Many thanks to Trail Run Events, LLC and New Basin Blues Running Club who co-managed the race, all the volunteers, and to Ventura County SAR. For more information see the Trail Run Events web site and Facebook page. All the 50K and 30K results are posted on UltraSignup.
Here are a few photos taken along the way.by
There’s a reason that Skyline to the Sea is Pacific Coast Trail Run’s biggest event. Close your eyes and picture your ideal trail. The trail of your dreams might be hard-pressed to match the appeal of the Skyline to Sea Trail.
There is something magical about running in an old-growth redwood forest. Established in 1902, Big Basin Redwoods State Park was the first state park in California. It’s redwoods reach 2000 years in age, 328 feet in height and 18.5 feet in width!
The Skyline to the Sea Trail has a net elevation loss, but enough uphill to get your attention. Many miles of the trail are as smooth as a carpet, but some are rocky, root-strewn and technical. It is often cool under the dense forest canopy, but it can also be warm and humid. I was surprised to see an “Emergency Water” stash a mile before the last aid station. In some years it is well-used and much appreciated.
The Park supports a vast variety of animal and plant life. Some plant species can only be found in the Park and a seabird (Marbled Murrelet) nests in its old-growth conifers.
In some years one park species can add extra adrenaline to the race. This year Brett (my son) and I were counting down the miles to mile 4.0 of the Marathon. The R.D. had reported encounters with the beasts at that point of the 50K on Saturday. About 20 yards before mile 4.0 Brett saw what looked like a “cloud of dust” and shortly after that we heard agitated voices from the runners ahead.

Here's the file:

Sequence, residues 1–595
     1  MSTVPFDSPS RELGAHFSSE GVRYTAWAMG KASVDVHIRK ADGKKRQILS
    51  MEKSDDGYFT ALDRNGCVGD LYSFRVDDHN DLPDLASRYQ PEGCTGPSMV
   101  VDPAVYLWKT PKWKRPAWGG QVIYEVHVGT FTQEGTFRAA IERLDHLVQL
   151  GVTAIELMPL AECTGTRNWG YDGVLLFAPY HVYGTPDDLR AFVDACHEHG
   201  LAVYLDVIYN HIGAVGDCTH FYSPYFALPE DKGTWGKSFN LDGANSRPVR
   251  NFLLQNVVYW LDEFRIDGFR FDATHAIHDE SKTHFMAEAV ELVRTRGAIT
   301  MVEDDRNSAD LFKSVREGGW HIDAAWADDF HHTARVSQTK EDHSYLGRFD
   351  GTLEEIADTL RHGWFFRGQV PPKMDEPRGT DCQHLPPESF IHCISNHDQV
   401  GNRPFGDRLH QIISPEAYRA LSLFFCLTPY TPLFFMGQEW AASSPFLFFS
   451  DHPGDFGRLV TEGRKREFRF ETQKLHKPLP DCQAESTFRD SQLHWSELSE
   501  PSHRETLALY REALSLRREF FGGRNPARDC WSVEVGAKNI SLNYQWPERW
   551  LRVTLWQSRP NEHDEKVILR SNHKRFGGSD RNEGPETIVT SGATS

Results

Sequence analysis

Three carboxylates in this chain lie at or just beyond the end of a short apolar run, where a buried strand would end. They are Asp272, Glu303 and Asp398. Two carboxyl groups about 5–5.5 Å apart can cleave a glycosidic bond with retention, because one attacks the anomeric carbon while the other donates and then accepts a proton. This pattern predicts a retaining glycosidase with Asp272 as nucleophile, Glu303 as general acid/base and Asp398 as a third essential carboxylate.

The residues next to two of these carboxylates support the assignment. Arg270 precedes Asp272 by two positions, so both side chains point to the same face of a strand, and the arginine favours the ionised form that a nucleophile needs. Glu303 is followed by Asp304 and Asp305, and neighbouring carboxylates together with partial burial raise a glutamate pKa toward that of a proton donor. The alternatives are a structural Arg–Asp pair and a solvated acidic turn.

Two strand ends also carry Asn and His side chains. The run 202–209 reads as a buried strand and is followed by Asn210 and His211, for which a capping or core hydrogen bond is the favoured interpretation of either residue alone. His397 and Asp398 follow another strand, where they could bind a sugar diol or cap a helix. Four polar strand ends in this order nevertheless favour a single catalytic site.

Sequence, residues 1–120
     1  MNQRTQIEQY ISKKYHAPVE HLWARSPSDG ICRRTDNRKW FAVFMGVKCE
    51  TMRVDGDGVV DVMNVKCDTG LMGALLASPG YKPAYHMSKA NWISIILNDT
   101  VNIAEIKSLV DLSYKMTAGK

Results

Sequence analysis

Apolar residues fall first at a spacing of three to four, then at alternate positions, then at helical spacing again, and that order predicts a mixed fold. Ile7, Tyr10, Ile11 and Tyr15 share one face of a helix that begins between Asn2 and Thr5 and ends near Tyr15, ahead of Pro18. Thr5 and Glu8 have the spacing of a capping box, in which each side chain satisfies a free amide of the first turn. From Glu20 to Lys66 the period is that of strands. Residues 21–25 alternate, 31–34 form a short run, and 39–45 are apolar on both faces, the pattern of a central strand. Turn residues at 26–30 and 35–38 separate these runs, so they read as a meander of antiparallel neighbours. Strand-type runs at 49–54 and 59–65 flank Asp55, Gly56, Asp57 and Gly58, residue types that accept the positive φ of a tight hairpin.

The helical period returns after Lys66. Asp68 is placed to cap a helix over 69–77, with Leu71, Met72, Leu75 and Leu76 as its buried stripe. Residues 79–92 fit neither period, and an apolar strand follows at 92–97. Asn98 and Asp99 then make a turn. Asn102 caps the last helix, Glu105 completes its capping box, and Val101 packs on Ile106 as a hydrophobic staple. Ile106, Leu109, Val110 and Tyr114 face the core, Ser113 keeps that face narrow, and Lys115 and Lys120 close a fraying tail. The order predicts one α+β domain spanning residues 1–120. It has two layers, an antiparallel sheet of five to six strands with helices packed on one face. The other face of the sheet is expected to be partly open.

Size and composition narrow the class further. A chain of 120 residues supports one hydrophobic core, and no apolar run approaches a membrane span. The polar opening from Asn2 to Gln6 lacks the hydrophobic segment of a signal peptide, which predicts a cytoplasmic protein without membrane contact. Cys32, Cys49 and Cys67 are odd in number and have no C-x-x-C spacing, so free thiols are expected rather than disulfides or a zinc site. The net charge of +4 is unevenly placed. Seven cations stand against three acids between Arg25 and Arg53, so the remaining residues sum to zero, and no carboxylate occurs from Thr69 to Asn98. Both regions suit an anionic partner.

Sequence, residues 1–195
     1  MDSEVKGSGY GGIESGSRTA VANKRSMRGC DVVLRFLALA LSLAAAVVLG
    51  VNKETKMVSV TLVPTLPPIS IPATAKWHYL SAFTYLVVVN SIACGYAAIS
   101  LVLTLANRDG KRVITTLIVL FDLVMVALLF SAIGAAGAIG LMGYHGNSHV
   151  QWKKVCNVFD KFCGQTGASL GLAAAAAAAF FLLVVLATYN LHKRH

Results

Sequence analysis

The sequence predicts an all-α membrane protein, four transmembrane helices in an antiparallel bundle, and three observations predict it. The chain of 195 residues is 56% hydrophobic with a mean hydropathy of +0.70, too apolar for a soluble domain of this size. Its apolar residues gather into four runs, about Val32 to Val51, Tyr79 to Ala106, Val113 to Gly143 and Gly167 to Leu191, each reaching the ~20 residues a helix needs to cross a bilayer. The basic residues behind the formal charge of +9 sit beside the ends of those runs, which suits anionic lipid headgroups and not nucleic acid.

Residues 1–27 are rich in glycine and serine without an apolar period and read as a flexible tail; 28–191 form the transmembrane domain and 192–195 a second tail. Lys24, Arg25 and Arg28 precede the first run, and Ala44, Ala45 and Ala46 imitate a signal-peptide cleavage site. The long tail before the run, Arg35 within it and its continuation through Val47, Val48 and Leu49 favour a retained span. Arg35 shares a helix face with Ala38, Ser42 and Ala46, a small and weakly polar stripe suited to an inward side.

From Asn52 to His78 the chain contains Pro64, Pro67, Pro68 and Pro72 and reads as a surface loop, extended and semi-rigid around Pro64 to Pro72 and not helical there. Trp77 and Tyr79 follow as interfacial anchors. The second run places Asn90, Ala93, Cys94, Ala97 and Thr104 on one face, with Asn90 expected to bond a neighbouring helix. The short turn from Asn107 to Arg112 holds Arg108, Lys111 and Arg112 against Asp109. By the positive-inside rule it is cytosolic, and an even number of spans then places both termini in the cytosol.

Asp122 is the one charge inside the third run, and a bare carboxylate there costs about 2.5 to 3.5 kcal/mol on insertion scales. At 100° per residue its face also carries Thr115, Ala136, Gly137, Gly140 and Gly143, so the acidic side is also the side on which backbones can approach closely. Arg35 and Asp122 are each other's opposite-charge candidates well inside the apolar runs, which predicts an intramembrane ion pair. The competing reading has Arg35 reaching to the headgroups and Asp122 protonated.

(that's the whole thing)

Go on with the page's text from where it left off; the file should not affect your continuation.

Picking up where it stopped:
In it for the full experience, we — and several other runners — plowed headlong into the cloud. The yellowjackets didn’t like that. A number of us were stung; some several times. The day before a runner in the 50K was stung 18 times.
Yellowjackets or not, running the Skyline to the Sea Marathon was like running a 26 mile nature trail and one of the finest courses I’ve done.
Here are a few photos taken along the way. Mileages specified are from my fenix 3 and are approximate.by
The sandstone rocks are an exposure of the Chatsworth Formation, which extends from the Simi Hills across the 118 Freeway to Rocky Peak and the Santa Susana Mountains. The popular rock climbing area Stoney Point is a well-known example of the Chatsworth Formation.
Geology and climate are the foundation elements of habitat. They influence — and sometimes dictate — the plants that inhabit an area. The plant Santa Susana Tarweed is very common on exposures of Chatsworth Formation sandstone, but rare elsewhere.
Exposures of Chatsworth Formation sandstone in Sage Ranch Park and Rocky Peak Park are sufficiently rugged as to create areas of isolated micro-wilderness within urban open space.by
Rays of sunshine burst through breaks in the clouds over the Los Angeles Basin and Century City.
From a recent run on the Backbone Trail to Temescal Peak and down Rogers Ridge.by
Yellow seems to be the predominant color of late-summer and fall wildflowers in Southern California. In addition to the bush Senecio pictured above; rabbitbrush, goldenbush, tarweed, telegraph weed and common sunflower come to mind.
From a recent run of the Trippet Ranch loop, with a side trip to Temescal Peak.by